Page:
20 May 2008

Patricia and Walter Wells: They've Always had Paris...and a Good Deal More


It might have been Bill Ragsdale who told me about Patricia Wells all those years ago.

Wilmot Ragsdale - Rags, as he was affectionately known - was a rather legendary journalism professor at UW-Madison. I never took one of his classes, but I had a drink with him once at a friend's celebration. S., my friend, had finished defending her master's thesis and a rather large group of us celebrated over wine and spaghetti at an Italian restaurant near the sprawling campus.

In the early 80s, Jane Brody, a prominent journalism-school alumna, was all the buzz, but someone - was it Rags or his friend and colleague Hartley E. Howe, who was one of my professors? - said there was another J-school grad who had just begin to write about food in Paris.

I was envious. I was studying French in those days, after a long hiatus, and I was struggling. I was also struggling financially, trying to hold body and soul together by writing news releases, crunching numbers for one historian and running errands for another.

Learning and writing about food in Paris sounded like a dream to me, but it was reality for Patricia Wells, a fellow Wisconsinite, and her handsome husband Walter, also a journalist.

Imagine how delighted I was to learn a few weeks back, that the couple had written a book together, "We've Always Have Paris...and Provence."

Patricia begins her acknowledgments quoting Bill Ragsdale. "Be bold," he used to say, and he said it to Patricia, too. I, too, have kept those words in mind and they've propelled me forward often.

Walter and Patricia alternate writing passages, and so their story is told in two voices, with two perspectives.

I like these people - and not just because they are or have been fellow journalists. They have high standards and they've worked hard. Their life has not always run smoothly, but it has been good - very good. I've learned a lot about Paris and Provence from them over this chilly Wisconsin weekend, and a good deal about myself and where I want to go in the future. As role models, Patricia and Walter Wells are good ones to have.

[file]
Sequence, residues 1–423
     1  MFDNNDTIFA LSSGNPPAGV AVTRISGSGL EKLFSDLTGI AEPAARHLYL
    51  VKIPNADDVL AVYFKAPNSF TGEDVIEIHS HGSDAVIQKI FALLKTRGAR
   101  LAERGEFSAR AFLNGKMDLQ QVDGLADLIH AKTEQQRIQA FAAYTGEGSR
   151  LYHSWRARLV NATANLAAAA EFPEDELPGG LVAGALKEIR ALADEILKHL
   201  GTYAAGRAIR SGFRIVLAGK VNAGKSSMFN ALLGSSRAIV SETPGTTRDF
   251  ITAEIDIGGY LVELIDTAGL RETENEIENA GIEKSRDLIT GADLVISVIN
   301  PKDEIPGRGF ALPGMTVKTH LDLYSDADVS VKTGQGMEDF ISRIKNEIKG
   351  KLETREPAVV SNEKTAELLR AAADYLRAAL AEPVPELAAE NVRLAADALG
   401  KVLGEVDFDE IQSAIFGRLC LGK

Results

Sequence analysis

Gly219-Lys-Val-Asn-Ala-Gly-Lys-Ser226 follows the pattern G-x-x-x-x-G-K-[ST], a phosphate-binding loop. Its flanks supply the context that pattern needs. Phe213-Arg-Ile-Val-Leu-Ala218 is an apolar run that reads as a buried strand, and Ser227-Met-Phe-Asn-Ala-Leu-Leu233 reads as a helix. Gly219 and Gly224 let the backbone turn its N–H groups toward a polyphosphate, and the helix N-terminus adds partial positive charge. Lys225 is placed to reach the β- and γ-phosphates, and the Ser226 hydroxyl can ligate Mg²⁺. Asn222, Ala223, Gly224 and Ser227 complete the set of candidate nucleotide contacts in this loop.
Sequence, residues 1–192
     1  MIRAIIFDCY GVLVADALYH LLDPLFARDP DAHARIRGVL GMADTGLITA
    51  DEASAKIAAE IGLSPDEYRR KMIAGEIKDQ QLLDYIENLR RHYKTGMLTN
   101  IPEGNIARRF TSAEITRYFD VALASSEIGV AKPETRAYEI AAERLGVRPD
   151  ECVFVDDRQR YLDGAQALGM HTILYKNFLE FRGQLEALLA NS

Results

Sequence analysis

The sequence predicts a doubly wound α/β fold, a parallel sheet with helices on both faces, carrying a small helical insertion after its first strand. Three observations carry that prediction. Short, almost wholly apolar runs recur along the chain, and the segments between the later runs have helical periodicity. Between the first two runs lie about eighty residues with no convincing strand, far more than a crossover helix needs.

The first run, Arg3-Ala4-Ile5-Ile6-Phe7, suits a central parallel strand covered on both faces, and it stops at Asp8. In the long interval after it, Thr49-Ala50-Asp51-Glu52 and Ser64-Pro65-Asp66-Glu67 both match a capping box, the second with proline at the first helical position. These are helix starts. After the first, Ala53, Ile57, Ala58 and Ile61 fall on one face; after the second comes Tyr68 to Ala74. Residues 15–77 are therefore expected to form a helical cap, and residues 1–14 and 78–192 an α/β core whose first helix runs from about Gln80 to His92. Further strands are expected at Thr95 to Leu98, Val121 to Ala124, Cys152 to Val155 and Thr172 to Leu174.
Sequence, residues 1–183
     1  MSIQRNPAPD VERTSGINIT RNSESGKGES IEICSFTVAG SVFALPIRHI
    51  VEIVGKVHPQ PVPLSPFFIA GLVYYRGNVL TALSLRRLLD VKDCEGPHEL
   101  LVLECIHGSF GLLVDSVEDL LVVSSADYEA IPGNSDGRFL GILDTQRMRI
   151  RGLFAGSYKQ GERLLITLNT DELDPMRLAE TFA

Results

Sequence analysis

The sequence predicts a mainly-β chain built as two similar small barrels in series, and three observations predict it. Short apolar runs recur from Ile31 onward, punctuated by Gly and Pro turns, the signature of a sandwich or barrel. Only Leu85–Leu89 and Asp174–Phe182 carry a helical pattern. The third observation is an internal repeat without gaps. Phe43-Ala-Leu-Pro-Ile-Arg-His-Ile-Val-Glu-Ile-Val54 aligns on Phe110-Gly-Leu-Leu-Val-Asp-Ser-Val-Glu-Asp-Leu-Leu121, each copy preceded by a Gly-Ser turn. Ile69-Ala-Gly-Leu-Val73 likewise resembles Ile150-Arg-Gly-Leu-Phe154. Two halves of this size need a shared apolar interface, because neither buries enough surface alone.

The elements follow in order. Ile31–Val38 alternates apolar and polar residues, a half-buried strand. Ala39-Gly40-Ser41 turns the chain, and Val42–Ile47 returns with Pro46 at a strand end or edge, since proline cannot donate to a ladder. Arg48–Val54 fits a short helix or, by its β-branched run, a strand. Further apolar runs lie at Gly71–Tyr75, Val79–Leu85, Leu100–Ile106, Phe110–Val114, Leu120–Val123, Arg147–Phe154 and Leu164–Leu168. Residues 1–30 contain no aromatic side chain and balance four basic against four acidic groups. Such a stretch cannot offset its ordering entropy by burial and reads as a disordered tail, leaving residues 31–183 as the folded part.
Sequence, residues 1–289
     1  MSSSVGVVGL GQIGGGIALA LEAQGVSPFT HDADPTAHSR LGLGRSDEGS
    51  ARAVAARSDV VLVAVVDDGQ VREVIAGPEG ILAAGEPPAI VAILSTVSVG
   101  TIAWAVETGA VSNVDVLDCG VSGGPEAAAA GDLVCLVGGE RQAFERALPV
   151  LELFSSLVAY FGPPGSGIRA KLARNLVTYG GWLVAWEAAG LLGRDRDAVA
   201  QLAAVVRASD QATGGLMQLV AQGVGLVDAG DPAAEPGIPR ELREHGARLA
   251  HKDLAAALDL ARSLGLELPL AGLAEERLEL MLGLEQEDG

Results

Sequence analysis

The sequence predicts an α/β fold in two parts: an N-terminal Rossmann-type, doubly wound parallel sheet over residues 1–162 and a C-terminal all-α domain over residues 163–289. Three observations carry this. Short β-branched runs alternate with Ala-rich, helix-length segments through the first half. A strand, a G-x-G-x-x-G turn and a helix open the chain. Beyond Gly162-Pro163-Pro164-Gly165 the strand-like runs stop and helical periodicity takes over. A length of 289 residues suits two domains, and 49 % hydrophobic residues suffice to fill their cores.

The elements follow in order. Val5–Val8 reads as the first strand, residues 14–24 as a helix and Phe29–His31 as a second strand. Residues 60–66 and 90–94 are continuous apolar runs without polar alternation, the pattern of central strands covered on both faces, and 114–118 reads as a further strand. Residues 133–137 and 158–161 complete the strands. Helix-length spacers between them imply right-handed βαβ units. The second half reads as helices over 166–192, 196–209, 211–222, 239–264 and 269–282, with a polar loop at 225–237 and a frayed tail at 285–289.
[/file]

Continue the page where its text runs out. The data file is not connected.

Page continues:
Read this book. Try the recipes. (Of course, there are recipes!) If you like food and you like France, it is necessary.


Note: The photo above was taken outside a Paris restaurant on Rue de Monttessuy a year ago. It bears no relationship to Patricia or Walter Wells, except that it was taken near a restaurant recommended by Patricia. The restaurant is Au Bon Accueil. On our first night in the quartier a year ago, a small jazz band seranaded someone at the restaurant. We were charmed.

07 May 2008

Growing and Drying Herbs

I bought my first small pots of herbs yesterday: Cilantro, Rosemary, Sage and Basil.

It gave me great pleasure to do so. I was on my noon hour, which is usually non-existent or much less than an hour, when my soul needed sustenance.

Bringing the plants up to my nose, I breathed deeply and fully. Is there any sweeter aroma than the first herbs of the season?

I love the soapy aroma of cilantro and the licorice-like flavor of basil. Sage has a calming affect on me and rosemary is probably my favorite of all.

Even before I knew the scents and names of herbs, I knew they were magical. I am not referring to their medicinal or even mystical properties, mind you, but to something I saw Grandma Annie do when I was about eight years old.

Someone had given her a bunch of parsley, which she tied and hung to dry in her back kitchen.

I loved that room, the big red cabinet, the battered old table, the ancient treadle sewing machine and the pleasant jumble of pots and pans and crocks and cheese boxes. Down a short hall from the warm kitchen, it was a cool place for just-from-the-oven pies and cookies.

The wallpaper, probably from around 1920, was a yellowed cream with green and red flowers. The plaster underneath it was crumbling and I have since come to believe this was the original wing of the old house, very possibly dating from 1863.

It was always a little mysterious, shut away as it was from the daily traffic of the old house in Frenchtown.

I knew somehow that the drying herbs imbued it with some sort of magic. They remained hanging from a nail for months, and were eventually joined by other herbs.

Annie used the room mostly for storage, only spending time there when she sewed, which she did with fierce concentration. This she did in August, pumping her foot to the rhythm of crickets and cicadas.

But I knew the room was magic, and I often lingered there. It seemed to calm me, to soothe me in some way I could not grasp as a child.

Today I have my own back room, with a large computer desk, an old cabinet and some book shelves. It is a catch all for pots and pans and cheese boxes and crocks. When we were doing major work on the front part of the house, living out of town and commuting on weekends, this was the room we lived in at the end of the day. It is my favorite place in late summer, when the crickets are singing.